February 24, 2012
Well, folks, I have a new job. Effective immediately, I am the Executive Creative Director of gyro in San Francisco. Having logged but one day, I’ve only just begun meeting the team. They were gracious and welcoming. For any of you reading this blog: Thank you. And my apologies for adding yet another bald head to your ‘thinning’ ranks.
Obviously, in prior weeks I got to know members of gyro’s leadership team. They are in large part why I took the job. The CEO Christoph Becker is also its Chief Creative Officer. Bonus! A German born in Madrid and living in New York, Christoph is a difficult man to describe in a blurb. He has a poetic soul and a passionate vision for this agency. I found him to be an inspirational force. Robert Ray will be my business partner in San Francisco. Bob has an extensive background in technology (agency and client) and a healthy enthusiasm for more. I share his bold aspiration for the company. In a way Christoph and Bob represent the yin and yang of gyro. “A global ideas shop with unconventional DNA.” I’m over the moon to be joining them.
As for San Francisco, What can I say? The pioneer spirit called out to me. Go west! The Chicago winters also played a role. And so I am leaving my birthplace, where, incidentally, I have lived and worked my entire life. Did you know my children were born in the same hospital I was? You better believe it would take something special to get me out of Chicago. I believe I found that in gyro.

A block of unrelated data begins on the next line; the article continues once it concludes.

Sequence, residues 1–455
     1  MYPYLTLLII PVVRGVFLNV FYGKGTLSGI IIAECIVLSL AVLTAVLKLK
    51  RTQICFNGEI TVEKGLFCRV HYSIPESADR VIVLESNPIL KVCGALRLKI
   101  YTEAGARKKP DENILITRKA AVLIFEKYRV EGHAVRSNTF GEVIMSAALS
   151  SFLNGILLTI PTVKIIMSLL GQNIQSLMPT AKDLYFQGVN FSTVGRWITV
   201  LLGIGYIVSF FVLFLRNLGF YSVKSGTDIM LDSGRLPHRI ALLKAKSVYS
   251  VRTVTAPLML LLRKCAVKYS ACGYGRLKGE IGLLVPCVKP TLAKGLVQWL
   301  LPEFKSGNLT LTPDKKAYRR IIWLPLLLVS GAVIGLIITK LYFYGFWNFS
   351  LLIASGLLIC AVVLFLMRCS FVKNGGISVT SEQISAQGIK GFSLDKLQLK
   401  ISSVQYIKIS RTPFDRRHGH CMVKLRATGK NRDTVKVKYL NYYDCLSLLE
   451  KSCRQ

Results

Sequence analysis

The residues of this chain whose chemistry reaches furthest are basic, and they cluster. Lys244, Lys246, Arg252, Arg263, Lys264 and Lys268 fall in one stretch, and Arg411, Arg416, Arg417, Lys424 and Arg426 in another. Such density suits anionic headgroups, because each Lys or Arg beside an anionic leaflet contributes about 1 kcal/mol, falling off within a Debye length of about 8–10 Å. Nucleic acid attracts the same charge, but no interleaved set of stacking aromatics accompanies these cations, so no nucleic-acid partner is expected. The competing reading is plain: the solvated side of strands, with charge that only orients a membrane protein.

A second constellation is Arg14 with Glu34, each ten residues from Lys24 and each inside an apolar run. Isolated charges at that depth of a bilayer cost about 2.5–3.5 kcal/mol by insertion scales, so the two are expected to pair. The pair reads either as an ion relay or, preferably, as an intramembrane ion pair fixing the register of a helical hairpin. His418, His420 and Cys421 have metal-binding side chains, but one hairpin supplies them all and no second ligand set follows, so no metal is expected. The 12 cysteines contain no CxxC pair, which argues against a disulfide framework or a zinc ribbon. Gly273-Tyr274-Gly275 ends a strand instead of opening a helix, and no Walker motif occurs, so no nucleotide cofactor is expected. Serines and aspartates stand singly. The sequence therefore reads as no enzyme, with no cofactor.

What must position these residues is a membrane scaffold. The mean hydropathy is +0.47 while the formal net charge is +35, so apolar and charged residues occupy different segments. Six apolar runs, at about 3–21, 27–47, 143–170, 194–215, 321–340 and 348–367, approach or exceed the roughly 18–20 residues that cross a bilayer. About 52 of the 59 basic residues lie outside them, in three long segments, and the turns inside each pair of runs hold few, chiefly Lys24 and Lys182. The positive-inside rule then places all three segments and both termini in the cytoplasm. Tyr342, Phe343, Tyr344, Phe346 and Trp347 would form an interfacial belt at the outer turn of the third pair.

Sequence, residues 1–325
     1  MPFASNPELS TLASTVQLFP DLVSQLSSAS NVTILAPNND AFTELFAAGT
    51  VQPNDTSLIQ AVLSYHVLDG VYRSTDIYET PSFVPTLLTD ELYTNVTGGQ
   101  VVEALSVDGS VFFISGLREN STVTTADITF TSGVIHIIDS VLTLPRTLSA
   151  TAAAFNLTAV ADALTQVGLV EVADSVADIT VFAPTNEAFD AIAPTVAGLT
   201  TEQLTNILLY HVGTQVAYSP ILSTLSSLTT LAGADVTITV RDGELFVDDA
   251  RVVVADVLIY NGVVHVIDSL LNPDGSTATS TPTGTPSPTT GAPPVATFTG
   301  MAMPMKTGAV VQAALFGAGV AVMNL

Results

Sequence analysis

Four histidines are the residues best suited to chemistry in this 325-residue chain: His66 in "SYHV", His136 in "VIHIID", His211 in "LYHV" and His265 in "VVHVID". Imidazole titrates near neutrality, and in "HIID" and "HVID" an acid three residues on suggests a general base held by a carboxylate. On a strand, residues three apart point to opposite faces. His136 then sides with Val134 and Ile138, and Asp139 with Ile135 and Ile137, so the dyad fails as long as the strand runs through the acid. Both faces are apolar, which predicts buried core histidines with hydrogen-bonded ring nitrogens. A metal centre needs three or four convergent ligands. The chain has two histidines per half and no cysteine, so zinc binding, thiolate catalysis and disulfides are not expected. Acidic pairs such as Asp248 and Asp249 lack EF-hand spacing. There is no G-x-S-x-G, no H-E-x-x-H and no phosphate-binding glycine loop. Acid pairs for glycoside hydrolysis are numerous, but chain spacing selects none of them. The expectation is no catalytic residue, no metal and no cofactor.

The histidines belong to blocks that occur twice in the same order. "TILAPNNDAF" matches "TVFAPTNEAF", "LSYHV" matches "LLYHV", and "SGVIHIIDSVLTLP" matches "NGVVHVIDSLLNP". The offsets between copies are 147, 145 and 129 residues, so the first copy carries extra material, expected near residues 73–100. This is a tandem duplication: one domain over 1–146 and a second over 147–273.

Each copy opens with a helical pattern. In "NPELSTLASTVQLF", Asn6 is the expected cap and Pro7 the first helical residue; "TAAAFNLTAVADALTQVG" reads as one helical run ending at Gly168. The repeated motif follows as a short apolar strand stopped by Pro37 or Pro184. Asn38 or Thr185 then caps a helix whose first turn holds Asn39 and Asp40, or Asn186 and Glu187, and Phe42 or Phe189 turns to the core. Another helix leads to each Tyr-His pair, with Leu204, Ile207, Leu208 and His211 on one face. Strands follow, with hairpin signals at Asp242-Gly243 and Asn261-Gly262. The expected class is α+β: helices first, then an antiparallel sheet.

Back when I crossed the ten-year mark at Leo Burnett, I honestly thought I’d spend my whole career there. I felt like I had the best job in the best company in the best city in the world. And I did. Now I look forward to saying the same exact thing about my new company and home. If only someone could help me find a corporate apartment that is not a mixed bag of meh with a monster nut…
Here’s an interesting side bar. Last week, the two big winners at the Chicago ADDYS were none other than Leo Burnett and, yup, gyro.
June 10, 2011
These films for Old Navy by my former colleague, Jamie King and his creative partner, Roger Camp came out of nowhere. I didn’t even know Jamie and Roger had a thing going with Old Navy. When they started their new agency, Camp + King in San Francisco I assumed they’d have to start small and go from there. Old Navy is a lot of things but it ain’t small.
And neither is this startling campaign, which makes uproarious parody of fashion advertising, suggesting it’s time to “dress like a man…not that guy.”
In one film, “that guy” is an ass-clown in pleated khakis, ill-fitting polo shirt and a fetish for his smart phone. In other words, like every other guy you see at the airport. How are men like this ever let out of the house dressed like that? You’d think their wives would intervene. Being a guy myself, I mostly don’t give a shit. Regardless, it’s an ingenious send up of suburban males and their hopelessly outré wardrobes.
A second film, “Supar Tool” goes the other way, in a more expected (but no less entertaining) parody of those smarmy, effeminate fashion campaigns that play more like soft core porn than clothes advertising. Yes, we’ve seen these sorts of parodies before. Years ago, Saturday Night Live famously did one that still resonates. But so what? Adland has been copping ideas from SNL as long as I can remember. In my view, being derivative is only a sin if you do it poorly.
These spots, by Epoch Films’ director Greg Bell are wonderfully produced, delivering the concept in spades. Though made for the Web the films look like a million bucks, proving that making cheap video for the Internet is a decision not a mandatory.
Say what you will about Old Navy they always push the envelope. They are fearless. And while I didn’t like many of their previous campaigns from Crispin Porter & Bogusky, I respected the hell out of them. Rarely if ever have they resorted to posing models in contrived locations. In this latest effort they literally make fun of the convention. I don’t know if Old Navy can ever be a real man’s store but this is a hell of a way to find out.